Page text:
• 14 Weizmann st., 17th floor, Unit 1705, Tel Aviv
  • Phone: 03-5476685


For an appointment please call: 03-5476685
14 Weizmann st., 17th floor,
Unit 1705,
Tel Aviv



Maccabi policyholders may also make an appointment through the internet, by pressing this link.


Immunotherapy - Allergy Shots

Allergy immunotherapy, immunotherapy, "allergy shots" or "allergy vaccines" refer to the induction of resistance to a certain trigger for allergy through the gradual exposure to increasing amounts of the same trigger.

Inhaled allergen immunotherapy (in example to pollen of the olive tree) has been used for decades. When the doctor diagnoses in example allergic rhinitis and decides that the patient's best treatment  is with "vaccines", he must inform the patient about a number of facts: it is a long treatment that has two stages, as follows.

  • In the first stage, the "building" stage, the patient has to visit the clinic each week in accordance to the vaccination hours of the clinic. The patient will receive increasing doses of the vaccine(s) every week until he achieves the target dose. This stage may typically take about 4-5 months on average.
  • In the second stage, the "maintenance" stage, the patient will receive the same vaccine(s) at the dose reached at the end of the "building" phase, but once a month, for 3-5 years. Those who at the end of the "building" phase do not enjoy any improvement in their symptoms will not continue with immunotherapy, in their cases the treatment has failed.

It is important to note that this therapy is not suitable for those who can not comply with this schedule. For the decision to proceed, the patient should consider the risk of local reactions (swelling and pain in the arm, the place of injection), itchy rashes, rare events of shortness of breath. It is important to note that very rare and extreme reactions may occur such as anaphylaxis: a life-threatening condition with choking, blood pressure fall and rashes and that even deaths have been described in the medical literature. Having said that, immunotherapy treatment is a routine treatment that under the right conditions is safe. However, the therapeutic load and logistics and the risk of adverse effects dictate to consider other treatments before considering immunotherapy.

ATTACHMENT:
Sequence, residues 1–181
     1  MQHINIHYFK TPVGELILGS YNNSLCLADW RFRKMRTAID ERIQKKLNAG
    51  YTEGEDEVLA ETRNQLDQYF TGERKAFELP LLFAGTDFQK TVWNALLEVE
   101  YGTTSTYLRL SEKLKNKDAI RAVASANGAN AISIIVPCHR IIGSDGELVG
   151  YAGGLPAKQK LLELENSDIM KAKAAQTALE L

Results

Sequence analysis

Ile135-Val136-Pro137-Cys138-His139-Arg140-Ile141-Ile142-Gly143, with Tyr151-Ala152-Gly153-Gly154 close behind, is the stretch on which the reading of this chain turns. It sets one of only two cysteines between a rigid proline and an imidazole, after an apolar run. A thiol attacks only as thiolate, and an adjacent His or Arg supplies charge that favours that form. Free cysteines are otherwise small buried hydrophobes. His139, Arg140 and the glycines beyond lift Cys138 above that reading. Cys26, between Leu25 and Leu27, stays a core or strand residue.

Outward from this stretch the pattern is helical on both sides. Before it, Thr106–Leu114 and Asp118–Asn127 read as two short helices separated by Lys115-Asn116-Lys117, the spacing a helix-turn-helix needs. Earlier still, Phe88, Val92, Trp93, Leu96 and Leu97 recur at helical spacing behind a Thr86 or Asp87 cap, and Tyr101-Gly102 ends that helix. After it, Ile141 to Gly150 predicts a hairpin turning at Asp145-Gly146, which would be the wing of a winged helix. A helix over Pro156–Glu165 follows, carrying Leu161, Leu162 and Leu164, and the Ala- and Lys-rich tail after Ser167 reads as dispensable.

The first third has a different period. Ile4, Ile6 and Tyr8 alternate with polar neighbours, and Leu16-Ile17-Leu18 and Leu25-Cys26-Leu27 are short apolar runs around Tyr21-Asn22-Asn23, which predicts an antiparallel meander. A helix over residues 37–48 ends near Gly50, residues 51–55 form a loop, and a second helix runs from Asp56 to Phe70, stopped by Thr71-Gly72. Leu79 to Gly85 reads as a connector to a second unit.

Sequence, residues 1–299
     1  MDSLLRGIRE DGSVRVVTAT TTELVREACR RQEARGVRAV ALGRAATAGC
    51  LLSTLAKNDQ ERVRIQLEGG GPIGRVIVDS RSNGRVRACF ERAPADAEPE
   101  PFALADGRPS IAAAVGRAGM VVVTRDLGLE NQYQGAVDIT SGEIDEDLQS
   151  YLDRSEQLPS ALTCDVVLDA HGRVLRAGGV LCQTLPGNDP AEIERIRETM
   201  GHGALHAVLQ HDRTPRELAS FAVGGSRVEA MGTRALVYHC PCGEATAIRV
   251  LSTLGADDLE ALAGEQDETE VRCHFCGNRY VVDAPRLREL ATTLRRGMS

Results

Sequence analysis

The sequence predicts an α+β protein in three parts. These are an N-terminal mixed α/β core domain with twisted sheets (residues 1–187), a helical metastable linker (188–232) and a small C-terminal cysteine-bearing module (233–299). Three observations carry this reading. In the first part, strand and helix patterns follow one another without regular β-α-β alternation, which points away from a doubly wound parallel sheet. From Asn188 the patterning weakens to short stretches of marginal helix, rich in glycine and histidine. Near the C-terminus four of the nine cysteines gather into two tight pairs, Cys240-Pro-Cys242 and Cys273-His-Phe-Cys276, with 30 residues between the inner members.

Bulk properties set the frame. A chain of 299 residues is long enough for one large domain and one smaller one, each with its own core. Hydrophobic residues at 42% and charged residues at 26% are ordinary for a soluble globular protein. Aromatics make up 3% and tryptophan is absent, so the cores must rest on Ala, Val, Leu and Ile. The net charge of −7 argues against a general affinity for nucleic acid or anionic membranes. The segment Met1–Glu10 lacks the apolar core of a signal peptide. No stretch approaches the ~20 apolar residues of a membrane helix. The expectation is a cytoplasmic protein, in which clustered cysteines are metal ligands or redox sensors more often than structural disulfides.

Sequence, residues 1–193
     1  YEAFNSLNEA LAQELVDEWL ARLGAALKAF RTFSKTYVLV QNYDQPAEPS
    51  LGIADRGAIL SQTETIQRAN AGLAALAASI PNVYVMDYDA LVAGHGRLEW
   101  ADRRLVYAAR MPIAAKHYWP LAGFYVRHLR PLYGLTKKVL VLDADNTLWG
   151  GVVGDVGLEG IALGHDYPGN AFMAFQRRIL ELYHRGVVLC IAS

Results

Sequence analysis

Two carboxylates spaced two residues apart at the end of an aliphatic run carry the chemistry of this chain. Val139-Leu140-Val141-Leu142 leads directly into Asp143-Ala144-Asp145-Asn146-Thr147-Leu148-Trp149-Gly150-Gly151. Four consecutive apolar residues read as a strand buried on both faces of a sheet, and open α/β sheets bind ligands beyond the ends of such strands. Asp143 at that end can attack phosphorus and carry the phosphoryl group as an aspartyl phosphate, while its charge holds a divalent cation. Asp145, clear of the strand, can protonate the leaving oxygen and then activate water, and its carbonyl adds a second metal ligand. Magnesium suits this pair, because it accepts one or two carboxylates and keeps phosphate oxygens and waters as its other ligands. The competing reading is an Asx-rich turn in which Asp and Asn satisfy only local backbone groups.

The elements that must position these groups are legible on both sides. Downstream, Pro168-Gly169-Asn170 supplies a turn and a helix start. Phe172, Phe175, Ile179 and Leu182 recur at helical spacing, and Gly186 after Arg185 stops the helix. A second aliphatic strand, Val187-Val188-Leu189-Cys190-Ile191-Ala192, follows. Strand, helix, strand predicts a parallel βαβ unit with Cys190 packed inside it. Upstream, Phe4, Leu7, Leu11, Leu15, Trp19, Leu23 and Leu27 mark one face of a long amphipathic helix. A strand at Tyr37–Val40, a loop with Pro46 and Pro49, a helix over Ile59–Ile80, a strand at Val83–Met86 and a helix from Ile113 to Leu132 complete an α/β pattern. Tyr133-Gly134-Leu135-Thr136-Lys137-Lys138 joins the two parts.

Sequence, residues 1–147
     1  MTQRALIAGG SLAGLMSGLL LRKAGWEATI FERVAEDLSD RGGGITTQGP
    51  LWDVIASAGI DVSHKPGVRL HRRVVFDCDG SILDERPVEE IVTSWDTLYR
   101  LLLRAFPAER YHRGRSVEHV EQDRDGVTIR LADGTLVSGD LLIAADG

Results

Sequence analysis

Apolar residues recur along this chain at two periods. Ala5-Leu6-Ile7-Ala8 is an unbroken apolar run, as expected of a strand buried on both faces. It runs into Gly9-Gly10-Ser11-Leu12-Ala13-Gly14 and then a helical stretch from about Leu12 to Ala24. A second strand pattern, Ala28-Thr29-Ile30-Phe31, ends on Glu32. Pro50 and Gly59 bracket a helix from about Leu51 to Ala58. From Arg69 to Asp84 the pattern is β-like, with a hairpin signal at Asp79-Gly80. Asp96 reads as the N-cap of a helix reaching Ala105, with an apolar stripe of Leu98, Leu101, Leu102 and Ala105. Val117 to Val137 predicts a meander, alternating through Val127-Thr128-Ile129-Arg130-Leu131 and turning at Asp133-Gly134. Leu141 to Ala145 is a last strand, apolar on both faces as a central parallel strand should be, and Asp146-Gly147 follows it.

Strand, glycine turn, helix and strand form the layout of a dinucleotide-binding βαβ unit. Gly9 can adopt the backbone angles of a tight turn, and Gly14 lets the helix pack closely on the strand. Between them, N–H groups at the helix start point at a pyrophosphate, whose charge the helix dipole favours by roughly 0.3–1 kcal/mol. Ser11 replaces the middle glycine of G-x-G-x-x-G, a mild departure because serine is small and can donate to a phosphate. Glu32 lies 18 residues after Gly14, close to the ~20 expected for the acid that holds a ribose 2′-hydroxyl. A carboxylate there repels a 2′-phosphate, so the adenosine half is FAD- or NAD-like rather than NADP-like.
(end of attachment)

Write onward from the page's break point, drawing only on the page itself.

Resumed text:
About food allergies, induction of oral desensitization has been used for some years in a number of medical centers in the world, including in Israel and though it is still considered an investigational treatment, the significant experience and impressive results accumulated are encouraging. In this treatment, the food allergic patient receives, during several hours and some days in the hospital, increasing doses of the food to which he is allergic while the allergic effects are treated, so after a few days a threshold of tolerance is reached. The patient will continue to receive this dose of food at home for about a month (again, while treating any adverse reaction, if at all). A month later, a repeat hospitalization is made in order to increase the dose and establish new threshold. Thus that after 3-4 months on average, a state of food tolerance is reached. In other cases the patient can at least raise the threshold for reaction so that the risk of allergy due to food contamination with the allergenic food decreases. This is by itself very important because it lowers the risk of life-threatening reactions.